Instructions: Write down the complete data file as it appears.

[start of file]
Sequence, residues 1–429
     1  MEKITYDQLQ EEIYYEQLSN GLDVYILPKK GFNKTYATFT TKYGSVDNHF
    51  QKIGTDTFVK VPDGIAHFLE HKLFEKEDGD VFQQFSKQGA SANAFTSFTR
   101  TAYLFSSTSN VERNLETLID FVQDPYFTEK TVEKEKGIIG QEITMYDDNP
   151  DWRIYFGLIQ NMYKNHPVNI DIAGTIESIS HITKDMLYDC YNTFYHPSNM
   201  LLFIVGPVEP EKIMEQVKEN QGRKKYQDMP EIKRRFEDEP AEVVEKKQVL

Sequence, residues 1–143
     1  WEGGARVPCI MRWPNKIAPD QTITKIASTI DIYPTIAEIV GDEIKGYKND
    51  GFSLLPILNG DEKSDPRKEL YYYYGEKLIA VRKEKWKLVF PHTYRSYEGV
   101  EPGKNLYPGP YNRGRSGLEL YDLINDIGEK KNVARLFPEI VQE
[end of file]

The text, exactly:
Sequence, residues 1–429
     1  MEKITYDQLQ EEIYYEQLSN GLDVYILPKK GFNKTYATFT TKYGSVDNHF
    51  QKIGTDTFVK VPDGIAHFLE HKLFEKEDGD VFQQFSKQGA SANAFTSFTR
   101  TAYLFSSTSN VERNLETLID FVQDPYFTEK TVEKEKGIIG QEITMYDDNP
   151  DWRIYFGLIQ NMYKNHPVNI DIAGTIESIS HITKDMLYDC YNTFYHPSNM
   201  LLFIVGPVEP EKIMEQVKEN QGRKKYQDMP EIKRRFEDEP AEVVEKKQVL

Sequence, residues 1–143
     1  WEGGARVPCI MRWPNKIAPD QTITKIASTI DIYPTIAEIV GDEIKGYKND
    51  GFSLLPILNG DEKSDPRKEL YYYYGEKLIA VRKEKWKLVF PHTYRSYEGV
   101  EPGKNLYPGP YNRGRSGLEL YDLINDIGEK KNVARLFPEI VQE